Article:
Nat Gould

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Barbara Wheeldon 1755-1840

Barbara Wheeldon
Born: 1755 Hartington, Derbyshire
Died: 1840
John Wheeldon 1709-1780
Margaret Goodwin 1712-1788
John Wheeldon 1738-1769
Elizabeth Wheeldon 1740-1816
Richard Wheeldon 1742-1798
Isaac Wheeldon 1744-1823
Edmund Wheeldon 1746-1796
Joseph Wheeldon 1748-1748
Mary Wheeldon 1749-1751
Margaret Wheeldon 1751-1783
John Ford 1759-1788
Mary Ford 1786-1871

Barbara Wheeldon was born in 1755, the daughter of John Wheeldon 1709-1780 and his wife nee Margaret Goodwin 1712-1788. She was baptised on 13 January 1755 at Hartington in Derbyshire.

On 28 April 1785 she was married to John Ford at Earl Sterndale in Derbyshire. He came from a family of tenant farmers at Little Park, on the Okeover estate in Staffordshire near Ashbourne in Derbyshire.

They had a daughter Mary Ford, who was baptised on 21 April 1786 at Ashbourne. She was married there on 31 October 1809 to Robert Hardy, a wine merchant, and died on 9 April 1871 at Bakewell in Derbyshire. They had a daughter Margaret Goodwin Hardy, who was baptised on 11 June 1813 at Ashbourne and died on 19 August 1895 at Bakewell in Derbyshire.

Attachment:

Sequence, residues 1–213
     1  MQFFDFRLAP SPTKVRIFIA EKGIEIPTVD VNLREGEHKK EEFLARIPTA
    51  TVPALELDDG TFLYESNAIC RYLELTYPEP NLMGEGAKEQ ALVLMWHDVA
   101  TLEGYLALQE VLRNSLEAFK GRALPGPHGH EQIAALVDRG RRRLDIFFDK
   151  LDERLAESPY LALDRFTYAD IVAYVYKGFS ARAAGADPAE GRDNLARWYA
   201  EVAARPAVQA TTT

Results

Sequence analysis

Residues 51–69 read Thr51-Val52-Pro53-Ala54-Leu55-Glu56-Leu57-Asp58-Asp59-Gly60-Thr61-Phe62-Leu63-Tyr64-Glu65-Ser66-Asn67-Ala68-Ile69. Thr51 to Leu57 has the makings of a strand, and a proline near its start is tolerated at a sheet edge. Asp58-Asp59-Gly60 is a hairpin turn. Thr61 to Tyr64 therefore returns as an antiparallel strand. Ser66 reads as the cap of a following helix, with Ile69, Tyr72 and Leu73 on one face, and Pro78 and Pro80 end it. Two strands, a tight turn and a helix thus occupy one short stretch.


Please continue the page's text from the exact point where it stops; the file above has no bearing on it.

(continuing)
In 1784 John Ford bought newly built Prospect House, in Back Lane (now Union Street) off Ashbourne market place, and near the malthouse where he converted barley into malt for the brewing industry (1). Unfortunately he died only four years later, leaving Barbara Ford nee Wheeldon a 33 year old widow with an infant daughter. She took over the malthouse, and ran it successfully (2).

She was a benefactor of the town. In 1800 Barbara Ford with other residents formed a society to prosecute people cheating customers in the market (3). She was a founder and patron of the Ashbourne Female Friendly Society in 1806, into which working women paid weekly sums to provide money in times of need such as childbirth, illness and death.

Barbara Ford nee Wheeldon died in 1840, and her daughter inherited her property.

(1) Ashbourne was a local centre of malt production in the eighteenth and early nineteenth centuries: Early Victorian Country Town - A Portrait Of Ashbourne in the Mid 19th Century (1978) Adrian Henstock (editor) Chapter 5.

(2) Scholarly and very readable accounts of her life and career as a successful maltster are given by Peter Collinge in "A Genteel Hand in the Malt Business: Barbara Ford (1755-1840) of Ashbourne" Midland History volume 39 number1 (2014) pages 110-132; and "Memory Lane: Georgian Ashbourne wasn't entirely a man's world" P.Collinge Ashbourne News Telegraph 7 May 2014.

(3) Derby Mercury 11 September 1800.